This week has been a little slow and not particularly productive at work. Plus my daughter got sick and had to be picked up from school in the middle of the day. I always feel the weight of juggling work and family life and strive to find some time to be myself. Artwork brings me peace of mind.
So I decided to take the lemons life gave me and make lemonade. On Thursday evening, my sick daughter was taken to her grandparents and my husband had to work late. After coming home and hanging out a bit with my younger daughter, I put her to bed and decided to dedicate some time to myself. For years I have been carrying a box of unfinished beading projects from one apartment to the next. I used to make a lot of french beaded flowers in the past. So I picked up the box of my budding projects and found three beautiful flowers of morning glory that I have made ages ago.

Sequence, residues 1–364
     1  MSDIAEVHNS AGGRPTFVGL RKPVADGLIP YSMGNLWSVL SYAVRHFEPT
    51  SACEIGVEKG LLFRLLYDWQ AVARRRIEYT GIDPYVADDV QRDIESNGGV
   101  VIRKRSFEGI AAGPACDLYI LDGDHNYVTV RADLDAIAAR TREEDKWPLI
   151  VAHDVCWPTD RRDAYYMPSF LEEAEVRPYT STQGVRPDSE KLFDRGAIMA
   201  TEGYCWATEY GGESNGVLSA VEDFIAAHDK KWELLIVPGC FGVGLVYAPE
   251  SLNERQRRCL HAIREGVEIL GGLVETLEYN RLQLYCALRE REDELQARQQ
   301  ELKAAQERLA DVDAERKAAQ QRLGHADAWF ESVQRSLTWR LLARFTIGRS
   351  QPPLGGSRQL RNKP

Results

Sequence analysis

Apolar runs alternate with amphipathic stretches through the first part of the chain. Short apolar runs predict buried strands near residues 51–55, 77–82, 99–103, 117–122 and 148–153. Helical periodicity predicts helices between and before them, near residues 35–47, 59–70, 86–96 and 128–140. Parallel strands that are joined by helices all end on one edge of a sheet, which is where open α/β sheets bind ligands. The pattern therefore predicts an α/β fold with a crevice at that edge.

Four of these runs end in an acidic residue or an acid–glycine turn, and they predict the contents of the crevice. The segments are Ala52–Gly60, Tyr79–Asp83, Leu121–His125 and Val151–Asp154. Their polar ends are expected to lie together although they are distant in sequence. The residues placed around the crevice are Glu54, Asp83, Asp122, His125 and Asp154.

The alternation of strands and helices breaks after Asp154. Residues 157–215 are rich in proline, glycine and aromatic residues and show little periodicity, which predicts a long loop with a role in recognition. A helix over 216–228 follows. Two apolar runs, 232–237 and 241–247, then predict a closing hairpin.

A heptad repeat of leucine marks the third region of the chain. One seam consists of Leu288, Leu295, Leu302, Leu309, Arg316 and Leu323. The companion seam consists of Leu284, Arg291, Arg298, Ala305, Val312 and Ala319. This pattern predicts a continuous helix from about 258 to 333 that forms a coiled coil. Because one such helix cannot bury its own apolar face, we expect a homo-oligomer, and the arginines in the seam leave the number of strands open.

They looked so bright and fresh and inviting. Like something that could instantly lift up my mood. They just needed a little more TLC to be ready for prime time. They also offered a sense of a short, simple path to completion, which is so rare to come by in my daily life as a scientist. I needed that sense of fast (though not instant) gratification.
Two evenings later the project was complete. I connected the three separate flowers into a single branch, finished off the stem and added a couple leaves. I had a frame that has also been lying around, waiting for the next project to be completed. At first I wanted to put the floral branch on a completely black background of fabric, but then got inspired by one of my recent projects with neurons. So just like the cyan hippocampal neuron I wrote about, this Morning Glory refused to be restrained by the limits of its frame. Its flowers and stem reach beyond the enforced boundaries. This concept speaks to the limitless beauty of nature, whether it is seen on the street or through a microscope.